Please forward this message to colleagues you think may be interested in the list. They can
put themselves on the list automatically by sending e-mail to:
MACROBUTTON HtmlDirect <<Unknown HTML Tag>> To post comments to the list, e-
mail INTERDIS@MIAMIU.MUOHIO.EDU Feel free to begin posting comments today. I
look forward to our continuing dialogue. 37)-------------------------------------------------------------
The Department of English at Carnegie Mellon University invites applications for a position
(or positions) as Assistant or Associate Professor of Literary and Cultural Studies, beginning
Fall 1993. Expertise in literary and cultural theory is required since successful applicants will
teach a total of 2 courses per semester in a theory-based undergraduate program in Literary
and Cultural Studies, and/or in the graduate program in Literary and Cultural Theory. The
committee will give particular attention to candidates specializing in any aspect or field of
history, culture and literature between 1500 and 1900, and we also have needs in film and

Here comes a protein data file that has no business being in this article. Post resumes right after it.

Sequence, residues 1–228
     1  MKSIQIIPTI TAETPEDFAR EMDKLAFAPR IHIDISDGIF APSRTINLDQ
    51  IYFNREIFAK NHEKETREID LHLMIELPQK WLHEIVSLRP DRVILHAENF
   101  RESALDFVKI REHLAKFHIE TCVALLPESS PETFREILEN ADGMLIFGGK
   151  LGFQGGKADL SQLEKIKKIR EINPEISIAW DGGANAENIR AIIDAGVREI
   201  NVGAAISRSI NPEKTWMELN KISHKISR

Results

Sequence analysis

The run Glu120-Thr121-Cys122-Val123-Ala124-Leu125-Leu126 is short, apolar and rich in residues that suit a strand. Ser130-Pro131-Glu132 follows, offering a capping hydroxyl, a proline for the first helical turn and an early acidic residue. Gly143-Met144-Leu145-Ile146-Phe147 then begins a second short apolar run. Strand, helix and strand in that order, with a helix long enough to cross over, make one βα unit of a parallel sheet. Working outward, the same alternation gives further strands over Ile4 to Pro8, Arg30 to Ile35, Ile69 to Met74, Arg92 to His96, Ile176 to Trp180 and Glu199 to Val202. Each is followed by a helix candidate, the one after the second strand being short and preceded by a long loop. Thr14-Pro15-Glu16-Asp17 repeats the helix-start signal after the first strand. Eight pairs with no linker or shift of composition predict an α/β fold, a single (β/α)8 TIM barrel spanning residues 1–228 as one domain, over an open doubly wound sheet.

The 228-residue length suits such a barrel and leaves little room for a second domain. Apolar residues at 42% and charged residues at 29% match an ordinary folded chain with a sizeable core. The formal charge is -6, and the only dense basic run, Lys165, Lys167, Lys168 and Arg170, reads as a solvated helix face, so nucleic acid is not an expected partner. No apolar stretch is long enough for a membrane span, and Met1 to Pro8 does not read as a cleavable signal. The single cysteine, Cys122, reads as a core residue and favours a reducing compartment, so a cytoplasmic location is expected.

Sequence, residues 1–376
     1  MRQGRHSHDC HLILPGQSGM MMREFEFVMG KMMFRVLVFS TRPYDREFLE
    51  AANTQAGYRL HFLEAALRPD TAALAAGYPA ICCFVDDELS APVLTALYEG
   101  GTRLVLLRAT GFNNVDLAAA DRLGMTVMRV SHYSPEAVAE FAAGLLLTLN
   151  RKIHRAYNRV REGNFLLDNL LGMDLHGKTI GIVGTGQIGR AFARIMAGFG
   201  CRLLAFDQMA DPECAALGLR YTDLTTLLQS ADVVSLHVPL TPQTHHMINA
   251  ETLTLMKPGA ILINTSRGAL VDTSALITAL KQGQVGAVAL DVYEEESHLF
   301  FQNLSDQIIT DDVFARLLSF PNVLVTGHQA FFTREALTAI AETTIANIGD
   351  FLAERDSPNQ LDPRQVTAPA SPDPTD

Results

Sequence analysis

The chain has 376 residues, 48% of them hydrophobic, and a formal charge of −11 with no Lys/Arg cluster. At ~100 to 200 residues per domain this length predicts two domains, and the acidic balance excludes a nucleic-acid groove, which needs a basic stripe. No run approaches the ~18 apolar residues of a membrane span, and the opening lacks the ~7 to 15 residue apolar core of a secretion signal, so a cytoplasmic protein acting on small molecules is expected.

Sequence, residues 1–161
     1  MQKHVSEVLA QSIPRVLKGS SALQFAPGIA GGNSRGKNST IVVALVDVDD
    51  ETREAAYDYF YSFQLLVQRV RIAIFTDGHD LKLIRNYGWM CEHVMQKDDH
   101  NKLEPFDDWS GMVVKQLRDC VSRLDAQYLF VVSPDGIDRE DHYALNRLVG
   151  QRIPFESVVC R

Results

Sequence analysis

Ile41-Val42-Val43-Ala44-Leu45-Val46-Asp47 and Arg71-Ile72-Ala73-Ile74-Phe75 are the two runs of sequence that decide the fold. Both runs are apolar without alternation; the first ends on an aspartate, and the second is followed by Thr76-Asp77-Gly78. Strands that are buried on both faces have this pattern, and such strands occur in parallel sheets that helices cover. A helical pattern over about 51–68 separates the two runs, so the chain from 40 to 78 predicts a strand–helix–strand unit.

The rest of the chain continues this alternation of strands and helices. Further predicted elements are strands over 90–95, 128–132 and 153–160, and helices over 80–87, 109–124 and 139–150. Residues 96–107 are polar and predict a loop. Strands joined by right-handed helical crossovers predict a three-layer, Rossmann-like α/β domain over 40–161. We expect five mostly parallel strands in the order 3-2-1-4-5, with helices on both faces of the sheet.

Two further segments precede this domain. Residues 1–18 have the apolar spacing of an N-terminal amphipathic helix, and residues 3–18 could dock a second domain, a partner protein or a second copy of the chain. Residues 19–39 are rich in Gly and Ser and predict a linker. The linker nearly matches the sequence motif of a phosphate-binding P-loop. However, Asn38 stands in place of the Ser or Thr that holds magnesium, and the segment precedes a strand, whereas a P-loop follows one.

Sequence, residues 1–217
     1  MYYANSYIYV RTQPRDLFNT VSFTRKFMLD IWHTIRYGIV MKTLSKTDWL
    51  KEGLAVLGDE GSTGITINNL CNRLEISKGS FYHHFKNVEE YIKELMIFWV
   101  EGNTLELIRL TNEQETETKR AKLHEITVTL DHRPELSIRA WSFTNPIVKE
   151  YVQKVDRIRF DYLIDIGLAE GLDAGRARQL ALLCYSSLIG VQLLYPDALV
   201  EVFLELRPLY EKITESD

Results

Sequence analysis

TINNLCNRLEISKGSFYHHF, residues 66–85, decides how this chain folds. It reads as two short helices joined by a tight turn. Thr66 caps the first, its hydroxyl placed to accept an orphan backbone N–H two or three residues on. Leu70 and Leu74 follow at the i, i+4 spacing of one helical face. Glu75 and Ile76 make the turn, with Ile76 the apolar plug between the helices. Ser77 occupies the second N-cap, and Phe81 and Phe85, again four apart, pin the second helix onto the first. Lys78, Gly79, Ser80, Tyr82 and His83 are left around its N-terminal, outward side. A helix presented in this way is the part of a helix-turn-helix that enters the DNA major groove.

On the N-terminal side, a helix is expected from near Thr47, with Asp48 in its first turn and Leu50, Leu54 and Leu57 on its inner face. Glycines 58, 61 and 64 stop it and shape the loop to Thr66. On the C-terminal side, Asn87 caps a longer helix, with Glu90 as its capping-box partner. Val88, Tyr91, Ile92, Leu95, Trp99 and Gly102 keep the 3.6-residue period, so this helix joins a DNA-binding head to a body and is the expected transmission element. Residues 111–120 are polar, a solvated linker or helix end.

media. Women and minority candidates especially welcomed. Send letter, c.v. and names of
three referees to: Alan Kennedy Head, Dept of English Carnegie Mellon Pittsburgh PA 15213.
38)------------------------------------------------------------- Center for Sales, Advertising, and
Marketing History Special Collections Library Duke University TRAVEL-TO-
COLLECTIONS GRANTS 1992-1993 Three or more grants of up to $1000 are available to:
(1) Graduate students in any academic field who wish to use the resources of the Center for
research toward M.A. or Ph.D degrees. (2) Faculty working on research projects. Funds may
be used to help defray costs of travel to Durham and local accommodations. The major
collections available at the Center at the current time is the extensive Archives of the J.
Walter Thompson Company (JWT), the oldest advertising agency in the U.S. and a major
international agency since the 1920s. Later in the year the advertisements and a moderate
amount of agency documentation from D'Arcy, Masius, Ben